Actor, screenwriter and comedy icon Alice Lowe joins the Hyphenates as they look back at some of the key films of this month, including Marvel’s Captain America: Civil War, Deniz Gamze Ergüven’s Mustang, and comedy biopic Whiskey Tango Foxtrot. They then examine the current vitriolic backlash at upcoming female-led blockbusters, from Ghostbusters to Star Wars: Rogue One. Then Alice takes us through the groundbreaking filmography of the legendary Jim Henson.
Want to become an instant expert in our filmmaker of the month without committing yourself to an entire filmography? Then you need the Hell Is For Hyphenates Cheat Sheet: we program you a double that will not only make for a great evening’s viewing, but bring you suitably up-to-speed before our next episode lands…
THE DARK CRYSTAL (1982) and LABYRINTH (1986)
You’ve seen them – everyone’s seen them. But have you seen them with adult eyes, no longer hiding behind the sofa (in the case of The Dark Crystal and, erm, me)? They’ll remind you of the babe you were, and of how they’ve indelibly shaped the imaginative, slightly weird adult you’ve become under the influence of vulnerable, brave, clever lead characters Jen and Sarah. You’ll also see anew Henson’s masterful blend of live action, puppetry and SFX, working closely with Brian Froud’s creaturely art. Given that he produced the 96 episodes each of the Muppet Show and Fraggle Rock, making and voicing puppets for them as well, it’s amazing that he found time to co-direct features (with Frank Oz, aka the voice of Miss Piggy). And both of them are top-notch: The Dark Crystal is probably the only children’s film to feature Beckett expert Billie Whitelaw in its voice cast – that’s how dark it is. And Labyrinth is of course the perfect way to introduce the next generation to the (dance) magic (dance) that is David Bowie.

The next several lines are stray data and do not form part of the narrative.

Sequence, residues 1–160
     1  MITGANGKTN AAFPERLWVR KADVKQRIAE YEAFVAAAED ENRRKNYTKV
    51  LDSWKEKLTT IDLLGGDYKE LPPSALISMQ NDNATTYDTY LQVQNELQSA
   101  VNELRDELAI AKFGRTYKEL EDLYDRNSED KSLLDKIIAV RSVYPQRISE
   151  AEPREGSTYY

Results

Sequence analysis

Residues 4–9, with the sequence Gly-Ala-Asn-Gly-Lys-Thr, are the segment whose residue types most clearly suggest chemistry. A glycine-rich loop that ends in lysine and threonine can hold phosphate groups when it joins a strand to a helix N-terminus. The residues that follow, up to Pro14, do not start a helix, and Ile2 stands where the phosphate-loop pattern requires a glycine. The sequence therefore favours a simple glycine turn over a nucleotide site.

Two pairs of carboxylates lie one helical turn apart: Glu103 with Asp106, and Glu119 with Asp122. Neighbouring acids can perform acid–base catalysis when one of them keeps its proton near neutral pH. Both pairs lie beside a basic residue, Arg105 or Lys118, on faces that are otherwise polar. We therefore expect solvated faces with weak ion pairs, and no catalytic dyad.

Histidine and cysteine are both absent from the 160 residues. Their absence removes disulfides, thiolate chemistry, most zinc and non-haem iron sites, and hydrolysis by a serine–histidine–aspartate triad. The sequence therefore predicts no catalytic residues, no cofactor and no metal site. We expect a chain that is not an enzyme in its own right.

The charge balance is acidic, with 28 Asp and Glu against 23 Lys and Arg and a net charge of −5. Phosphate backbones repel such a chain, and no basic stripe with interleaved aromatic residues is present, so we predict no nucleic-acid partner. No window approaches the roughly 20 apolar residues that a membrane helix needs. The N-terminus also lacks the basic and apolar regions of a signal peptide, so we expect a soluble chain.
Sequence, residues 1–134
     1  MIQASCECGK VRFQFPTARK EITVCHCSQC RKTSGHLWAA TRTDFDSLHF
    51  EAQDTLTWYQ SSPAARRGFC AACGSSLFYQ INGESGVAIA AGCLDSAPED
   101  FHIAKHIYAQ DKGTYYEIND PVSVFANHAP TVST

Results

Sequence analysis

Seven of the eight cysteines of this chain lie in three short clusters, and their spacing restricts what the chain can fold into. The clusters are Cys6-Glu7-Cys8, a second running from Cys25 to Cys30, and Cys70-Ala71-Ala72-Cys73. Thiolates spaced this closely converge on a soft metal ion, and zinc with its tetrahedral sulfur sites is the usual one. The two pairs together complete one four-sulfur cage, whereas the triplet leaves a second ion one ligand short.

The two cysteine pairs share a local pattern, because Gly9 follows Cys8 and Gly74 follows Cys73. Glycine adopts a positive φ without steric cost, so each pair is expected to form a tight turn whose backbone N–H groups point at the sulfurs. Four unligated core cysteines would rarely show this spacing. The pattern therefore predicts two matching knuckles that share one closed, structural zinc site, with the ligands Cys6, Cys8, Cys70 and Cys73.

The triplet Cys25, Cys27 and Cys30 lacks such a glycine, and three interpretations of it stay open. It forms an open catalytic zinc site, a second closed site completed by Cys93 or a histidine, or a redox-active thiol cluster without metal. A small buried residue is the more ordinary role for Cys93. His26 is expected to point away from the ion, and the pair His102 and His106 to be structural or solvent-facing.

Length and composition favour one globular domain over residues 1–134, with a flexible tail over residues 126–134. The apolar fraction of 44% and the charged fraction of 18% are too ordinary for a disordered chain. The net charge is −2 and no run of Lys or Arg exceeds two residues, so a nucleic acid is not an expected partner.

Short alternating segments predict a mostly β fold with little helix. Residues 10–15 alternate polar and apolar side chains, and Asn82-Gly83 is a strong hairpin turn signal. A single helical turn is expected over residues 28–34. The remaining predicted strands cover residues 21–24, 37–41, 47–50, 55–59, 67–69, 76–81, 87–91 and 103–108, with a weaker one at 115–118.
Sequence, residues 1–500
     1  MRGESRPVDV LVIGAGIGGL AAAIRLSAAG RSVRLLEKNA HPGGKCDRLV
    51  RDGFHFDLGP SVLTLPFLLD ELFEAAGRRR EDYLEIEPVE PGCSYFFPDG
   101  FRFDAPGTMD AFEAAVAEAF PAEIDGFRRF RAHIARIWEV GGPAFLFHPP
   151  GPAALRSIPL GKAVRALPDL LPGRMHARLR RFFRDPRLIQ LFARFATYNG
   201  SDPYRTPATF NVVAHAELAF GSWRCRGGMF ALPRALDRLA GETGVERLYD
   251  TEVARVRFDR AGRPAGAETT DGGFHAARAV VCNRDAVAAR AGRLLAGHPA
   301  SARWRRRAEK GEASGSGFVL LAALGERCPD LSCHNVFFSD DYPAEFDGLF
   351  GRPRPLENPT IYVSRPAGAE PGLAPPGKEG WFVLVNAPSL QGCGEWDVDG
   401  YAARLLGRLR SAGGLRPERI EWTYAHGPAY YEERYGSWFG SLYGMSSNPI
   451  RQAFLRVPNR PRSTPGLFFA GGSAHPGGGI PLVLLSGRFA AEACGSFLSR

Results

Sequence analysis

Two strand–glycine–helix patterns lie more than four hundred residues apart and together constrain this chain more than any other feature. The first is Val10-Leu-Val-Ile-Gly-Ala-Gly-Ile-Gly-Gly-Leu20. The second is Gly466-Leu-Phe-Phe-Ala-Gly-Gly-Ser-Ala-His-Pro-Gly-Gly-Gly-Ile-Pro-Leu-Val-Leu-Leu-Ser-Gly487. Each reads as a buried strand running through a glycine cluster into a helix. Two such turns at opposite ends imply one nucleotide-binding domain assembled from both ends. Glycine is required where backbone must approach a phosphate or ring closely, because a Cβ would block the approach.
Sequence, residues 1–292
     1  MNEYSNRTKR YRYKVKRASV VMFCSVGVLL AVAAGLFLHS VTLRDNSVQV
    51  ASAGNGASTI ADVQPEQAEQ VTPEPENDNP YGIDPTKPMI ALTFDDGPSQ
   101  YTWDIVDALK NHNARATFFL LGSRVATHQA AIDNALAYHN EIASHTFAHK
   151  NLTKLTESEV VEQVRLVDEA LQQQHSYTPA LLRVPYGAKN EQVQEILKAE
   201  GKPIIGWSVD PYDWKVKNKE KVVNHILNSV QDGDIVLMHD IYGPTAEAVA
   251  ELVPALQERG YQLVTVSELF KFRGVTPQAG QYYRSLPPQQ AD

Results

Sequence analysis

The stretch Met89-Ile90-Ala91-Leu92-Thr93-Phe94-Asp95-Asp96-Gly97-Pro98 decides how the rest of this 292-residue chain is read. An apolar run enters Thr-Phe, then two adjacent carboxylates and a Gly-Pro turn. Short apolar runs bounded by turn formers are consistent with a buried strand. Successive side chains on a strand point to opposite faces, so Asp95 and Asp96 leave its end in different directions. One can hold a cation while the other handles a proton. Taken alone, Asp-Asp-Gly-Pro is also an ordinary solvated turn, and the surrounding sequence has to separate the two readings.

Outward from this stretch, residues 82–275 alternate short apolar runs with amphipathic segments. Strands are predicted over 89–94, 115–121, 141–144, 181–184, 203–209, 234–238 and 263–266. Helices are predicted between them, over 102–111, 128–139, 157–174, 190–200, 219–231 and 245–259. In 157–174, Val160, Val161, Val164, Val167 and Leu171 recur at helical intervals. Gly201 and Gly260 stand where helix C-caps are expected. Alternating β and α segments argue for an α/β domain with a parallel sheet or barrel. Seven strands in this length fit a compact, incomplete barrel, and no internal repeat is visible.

Substitutions: If you can’t get or have already seen The Dark Crystal or Labyrinth, you must watch 1981’s The Great Muppet Caper, Henson’s first feature as director and the second movie outing for Henson’s beloved puppets. Deeply silly skewer of the international crime thriller genre, with Diana Rigg as the imperious Lady Holiday and cameos from John Cleese, Peter Falk and Peter Ustinov: it’s what the Muppets do best, under Henson’s big-screen control for the first and only time. If you’ve seen that too, go for the Henson-directed episodes of The Storyteller, his most magical television outings.
The Hidden Gem: The Cube, Henson’s pre-Muppets film for NBC Experiments in Television. It’s a way ahead of its 1969 production date, somewhere between The Truman Show, Vincenzo Natali’s Cube and Kate McKinnon & Kumail Nanjiani’s parody of Room for the Independent Spirit Awards. It’s on YouTube. What are you waiting for?
The next episode of Hell Is For Hyphenates, featuring Alice Lowe talking Jim Henson, will be released on May 31.